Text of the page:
When you are a giant radio-isotope powered monster life is generally pretty simple. You find a city. You enter the city. You smash the city. The humans, like scurrying termites, are clever and industrious but are mainly a fine garnish.
Really the only thing that can ruin a perfectly pleasant rampage is another giant monster.
Iello’s King of Tokyo drops you into a slugfest between some of the world’s biggest, baddest behemoths as they battle it out for control of the planet’s most colorful prize: Tokyo.
Each player controls a giga-monster in a king of the hill type battle for Tokyo. Your monster becomes the king of Tokyo if you destroy all the other monsters OR if you earn 20 victory points. The game is played by rolling 6 dice and keeping the best result—yahtzee style. The result you keep allows you to do different things: attack other monsters, heal yourself, gather power cubes, and gain victory points. Most of these actions are self-explanatory. The power cubes allow you to buy special cards for your monster. These cards give your monster all kinds of advantages—some of which are used only once and others which can last through the entire game.
Once a monster takes control of Tokyo, all other monsters attack that monster until it is defeated, runs away, or wins. If the monster in Tokyo runs away when it is attacked then it gives up its spot to the attacking monster. That new monster must now defend itself against all the others. It is possible to win without being in Tokyo. Some dice give you victory points as do some of the special cards. But taking Tokyo and staying in Tokyo are also good ways to earn victory points. It’s also a good way to hurt all the other monsters.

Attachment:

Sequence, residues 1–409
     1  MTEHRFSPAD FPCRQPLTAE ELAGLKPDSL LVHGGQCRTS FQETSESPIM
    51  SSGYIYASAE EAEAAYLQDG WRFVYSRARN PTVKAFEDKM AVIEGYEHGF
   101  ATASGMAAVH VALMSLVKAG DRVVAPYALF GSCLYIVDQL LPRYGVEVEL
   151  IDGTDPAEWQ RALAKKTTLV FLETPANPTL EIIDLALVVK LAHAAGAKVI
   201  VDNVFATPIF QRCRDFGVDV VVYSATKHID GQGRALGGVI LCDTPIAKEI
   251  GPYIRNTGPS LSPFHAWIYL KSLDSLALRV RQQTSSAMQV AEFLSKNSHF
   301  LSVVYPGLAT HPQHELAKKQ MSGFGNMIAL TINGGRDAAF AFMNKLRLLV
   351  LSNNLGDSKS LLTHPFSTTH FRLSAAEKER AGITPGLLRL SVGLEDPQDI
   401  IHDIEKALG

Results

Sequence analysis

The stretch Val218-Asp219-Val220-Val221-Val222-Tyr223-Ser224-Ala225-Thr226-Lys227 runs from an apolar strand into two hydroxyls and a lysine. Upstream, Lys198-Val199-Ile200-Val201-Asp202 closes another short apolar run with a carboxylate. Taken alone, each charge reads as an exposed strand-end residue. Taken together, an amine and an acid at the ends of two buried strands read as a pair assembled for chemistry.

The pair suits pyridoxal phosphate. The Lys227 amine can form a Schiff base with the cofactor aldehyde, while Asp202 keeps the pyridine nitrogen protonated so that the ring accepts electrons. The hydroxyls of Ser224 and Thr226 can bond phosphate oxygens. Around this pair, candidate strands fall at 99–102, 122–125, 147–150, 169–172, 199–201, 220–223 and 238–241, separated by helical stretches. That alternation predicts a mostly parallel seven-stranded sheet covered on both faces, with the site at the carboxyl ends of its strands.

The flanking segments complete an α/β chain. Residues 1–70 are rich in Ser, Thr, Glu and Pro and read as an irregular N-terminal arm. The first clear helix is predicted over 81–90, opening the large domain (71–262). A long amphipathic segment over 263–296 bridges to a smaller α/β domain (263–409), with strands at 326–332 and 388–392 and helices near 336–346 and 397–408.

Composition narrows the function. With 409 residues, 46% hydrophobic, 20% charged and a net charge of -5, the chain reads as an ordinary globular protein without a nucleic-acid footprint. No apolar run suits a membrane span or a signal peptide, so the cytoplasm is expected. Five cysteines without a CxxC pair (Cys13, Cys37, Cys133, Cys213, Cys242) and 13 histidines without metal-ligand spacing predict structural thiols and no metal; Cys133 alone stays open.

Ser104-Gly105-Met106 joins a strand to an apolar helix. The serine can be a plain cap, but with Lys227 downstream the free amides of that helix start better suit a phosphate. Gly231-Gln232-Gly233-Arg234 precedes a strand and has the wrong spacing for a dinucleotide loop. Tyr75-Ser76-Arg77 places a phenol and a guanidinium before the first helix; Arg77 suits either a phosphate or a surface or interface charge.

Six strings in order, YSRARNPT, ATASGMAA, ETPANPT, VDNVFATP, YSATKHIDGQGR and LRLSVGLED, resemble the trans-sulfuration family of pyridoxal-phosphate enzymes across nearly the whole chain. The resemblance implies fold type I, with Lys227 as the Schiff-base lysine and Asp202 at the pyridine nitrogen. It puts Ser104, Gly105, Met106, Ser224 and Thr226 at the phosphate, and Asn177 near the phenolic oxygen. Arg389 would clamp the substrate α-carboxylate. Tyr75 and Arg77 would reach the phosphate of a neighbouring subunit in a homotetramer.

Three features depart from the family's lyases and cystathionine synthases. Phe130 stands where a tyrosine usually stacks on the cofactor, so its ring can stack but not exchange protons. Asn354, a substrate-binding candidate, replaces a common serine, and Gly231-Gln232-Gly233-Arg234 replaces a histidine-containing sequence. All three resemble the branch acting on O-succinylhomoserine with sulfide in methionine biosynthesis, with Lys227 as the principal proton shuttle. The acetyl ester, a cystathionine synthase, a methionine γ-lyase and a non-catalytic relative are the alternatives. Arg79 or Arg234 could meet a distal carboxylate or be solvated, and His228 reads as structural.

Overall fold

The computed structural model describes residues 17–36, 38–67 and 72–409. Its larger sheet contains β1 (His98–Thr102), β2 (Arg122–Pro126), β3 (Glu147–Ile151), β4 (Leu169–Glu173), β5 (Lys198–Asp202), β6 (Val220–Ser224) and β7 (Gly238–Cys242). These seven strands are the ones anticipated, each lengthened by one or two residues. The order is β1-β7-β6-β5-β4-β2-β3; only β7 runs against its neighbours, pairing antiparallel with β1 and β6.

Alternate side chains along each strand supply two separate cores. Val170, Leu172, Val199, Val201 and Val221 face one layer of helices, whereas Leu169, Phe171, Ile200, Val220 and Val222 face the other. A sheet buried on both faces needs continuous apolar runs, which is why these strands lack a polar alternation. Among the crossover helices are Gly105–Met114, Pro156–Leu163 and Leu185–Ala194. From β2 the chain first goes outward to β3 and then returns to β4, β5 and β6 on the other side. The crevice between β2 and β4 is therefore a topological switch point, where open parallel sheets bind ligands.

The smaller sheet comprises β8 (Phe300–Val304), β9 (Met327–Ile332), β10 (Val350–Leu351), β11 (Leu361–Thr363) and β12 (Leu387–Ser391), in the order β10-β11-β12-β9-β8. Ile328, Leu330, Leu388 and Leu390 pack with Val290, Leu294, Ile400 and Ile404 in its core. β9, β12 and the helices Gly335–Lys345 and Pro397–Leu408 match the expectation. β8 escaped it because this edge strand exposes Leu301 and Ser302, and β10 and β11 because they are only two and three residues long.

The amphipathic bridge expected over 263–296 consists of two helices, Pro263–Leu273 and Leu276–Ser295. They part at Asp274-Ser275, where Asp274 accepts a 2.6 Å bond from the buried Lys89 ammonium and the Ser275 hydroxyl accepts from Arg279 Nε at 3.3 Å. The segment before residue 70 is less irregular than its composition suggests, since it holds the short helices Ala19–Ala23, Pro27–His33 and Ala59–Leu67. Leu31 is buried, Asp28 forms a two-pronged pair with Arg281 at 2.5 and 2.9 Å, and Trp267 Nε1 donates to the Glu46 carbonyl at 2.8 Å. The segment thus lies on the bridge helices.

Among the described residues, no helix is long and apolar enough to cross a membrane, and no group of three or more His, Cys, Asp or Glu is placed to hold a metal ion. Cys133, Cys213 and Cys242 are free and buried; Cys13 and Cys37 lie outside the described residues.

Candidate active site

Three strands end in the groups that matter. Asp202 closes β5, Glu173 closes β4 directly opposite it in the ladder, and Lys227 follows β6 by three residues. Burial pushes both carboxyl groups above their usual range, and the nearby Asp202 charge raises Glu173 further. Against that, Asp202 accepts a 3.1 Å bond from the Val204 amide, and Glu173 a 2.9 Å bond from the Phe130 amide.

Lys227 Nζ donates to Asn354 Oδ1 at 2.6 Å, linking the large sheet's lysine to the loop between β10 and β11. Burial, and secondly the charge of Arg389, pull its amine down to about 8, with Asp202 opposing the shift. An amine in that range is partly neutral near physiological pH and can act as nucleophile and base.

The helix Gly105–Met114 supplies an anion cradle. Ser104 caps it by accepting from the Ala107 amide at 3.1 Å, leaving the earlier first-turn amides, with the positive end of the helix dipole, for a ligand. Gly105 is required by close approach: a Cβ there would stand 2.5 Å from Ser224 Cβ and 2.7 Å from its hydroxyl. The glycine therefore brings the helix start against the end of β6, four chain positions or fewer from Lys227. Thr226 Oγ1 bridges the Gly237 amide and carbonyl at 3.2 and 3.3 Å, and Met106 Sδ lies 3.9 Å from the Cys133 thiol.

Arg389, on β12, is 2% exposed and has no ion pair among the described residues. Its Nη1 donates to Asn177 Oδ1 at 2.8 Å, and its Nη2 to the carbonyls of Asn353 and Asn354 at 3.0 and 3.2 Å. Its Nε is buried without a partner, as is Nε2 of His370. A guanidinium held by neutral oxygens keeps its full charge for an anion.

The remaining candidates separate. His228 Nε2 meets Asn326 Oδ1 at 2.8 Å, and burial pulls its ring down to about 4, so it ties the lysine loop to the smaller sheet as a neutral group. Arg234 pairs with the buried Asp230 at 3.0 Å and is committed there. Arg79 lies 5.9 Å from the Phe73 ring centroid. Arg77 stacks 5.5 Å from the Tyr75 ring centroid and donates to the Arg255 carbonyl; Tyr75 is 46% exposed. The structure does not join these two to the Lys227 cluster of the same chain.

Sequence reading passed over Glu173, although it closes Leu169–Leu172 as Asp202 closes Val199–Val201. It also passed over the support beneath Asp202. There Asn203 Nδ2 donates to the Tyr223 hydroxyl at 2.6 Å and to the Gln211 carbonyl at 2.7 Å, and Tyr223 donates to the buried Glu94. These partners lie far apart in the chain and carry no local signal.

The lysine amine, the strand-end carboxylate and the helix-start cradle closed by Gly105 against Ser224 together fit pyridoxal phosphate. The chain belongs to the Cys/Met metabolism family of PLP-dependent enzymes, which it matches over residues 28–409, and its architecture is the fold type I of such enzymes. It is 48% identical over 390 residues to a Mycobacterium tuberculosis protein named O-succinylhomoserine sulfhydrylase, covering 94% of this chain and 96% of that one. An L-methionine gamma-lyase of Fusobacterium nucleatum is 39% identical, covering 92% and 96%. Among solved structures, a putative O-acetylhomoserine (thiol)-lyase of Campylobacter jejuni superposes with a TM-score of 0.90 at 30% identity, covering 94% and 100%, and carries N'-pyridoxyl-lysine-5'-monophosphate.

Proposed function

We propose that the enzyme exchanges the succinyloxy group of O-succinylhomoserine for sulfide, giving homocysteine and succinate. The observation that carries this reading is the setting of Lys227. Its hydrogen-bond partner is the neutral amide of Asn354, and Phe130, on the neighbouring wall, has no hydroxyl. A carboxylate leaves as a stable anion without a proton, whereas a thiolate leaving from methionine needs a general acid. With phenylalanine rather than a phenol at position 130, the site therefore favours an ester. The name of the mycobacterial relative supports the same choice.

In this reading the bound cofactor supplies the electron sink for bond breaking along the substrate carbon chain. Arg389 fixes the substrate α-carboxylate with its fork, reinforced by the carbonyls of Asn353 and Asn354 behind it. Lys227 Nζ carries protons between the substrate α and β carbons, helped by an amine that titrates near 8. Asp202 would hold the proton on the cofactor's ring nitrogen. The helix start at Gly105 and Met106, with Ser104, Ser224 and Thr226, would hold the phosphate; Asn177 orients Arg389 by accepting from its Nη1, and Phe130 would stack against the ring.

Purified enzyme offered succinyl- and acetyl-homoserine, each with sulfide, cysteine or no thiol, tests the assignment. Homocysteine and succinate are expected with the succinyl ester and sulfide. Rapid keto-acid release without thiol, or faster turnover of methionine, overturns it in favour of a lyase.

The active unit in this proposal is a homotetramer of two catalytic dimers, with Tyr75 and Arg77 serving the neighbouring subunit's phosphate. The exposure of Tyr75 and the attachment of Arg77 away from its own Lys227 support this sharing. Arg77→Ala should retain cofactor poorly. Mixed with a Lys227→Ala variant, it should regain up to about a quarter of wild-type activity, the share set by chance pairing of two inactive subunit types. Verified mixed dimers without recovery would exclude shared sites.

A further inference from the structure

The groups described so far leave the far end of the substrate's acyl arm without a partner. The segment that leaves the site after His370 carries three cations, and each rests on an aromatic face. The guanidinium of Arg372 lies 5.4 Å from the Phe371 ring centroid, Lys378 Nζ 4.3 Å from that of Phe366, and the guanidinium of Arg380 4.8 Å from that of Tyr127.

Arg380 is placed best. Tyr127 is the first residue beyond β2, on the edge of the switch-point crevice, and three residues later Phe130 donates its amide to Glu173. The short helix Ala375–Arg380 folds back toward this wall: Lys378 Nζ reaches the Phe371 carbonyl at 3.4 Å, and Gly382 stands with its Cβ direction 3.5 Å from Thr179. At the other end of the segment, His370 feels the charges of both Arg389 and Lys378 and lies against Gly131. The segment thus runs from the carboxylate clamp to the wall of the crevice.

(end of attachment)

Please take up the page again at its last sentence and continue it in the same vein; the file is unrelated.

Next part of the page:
The art work is fantastic and the monster boards are clever. Each player has a monster board that has two wheels. You rotate one wheel to keep track of your monster’s health and one wheel to keep track of victory points. The cards and the boards are colorful and actionful and evoke all the tropes you would expect from the giant monster genre. The rules take up about two pages and much of that is devoted to examples and illustrations of play.
There are a lot of details in the rules that you will learn in your first game. Most of the learning curve comes from reading the special cards and keeping track of the power cubes. Once you get an idea of what the special cards can do for your (or to you) then the rest comes down to a few choices: attack or heal; stay in Tokyo or run away.
Smashing a city with a giant monster has not been so much fun since the video game Rampage!
For 2-6 players, ages 8+
King of Tokyo was designed by Richard Garfield (whom you might know from a small card game called Magic: The Gathering) and is © 2010 by iello.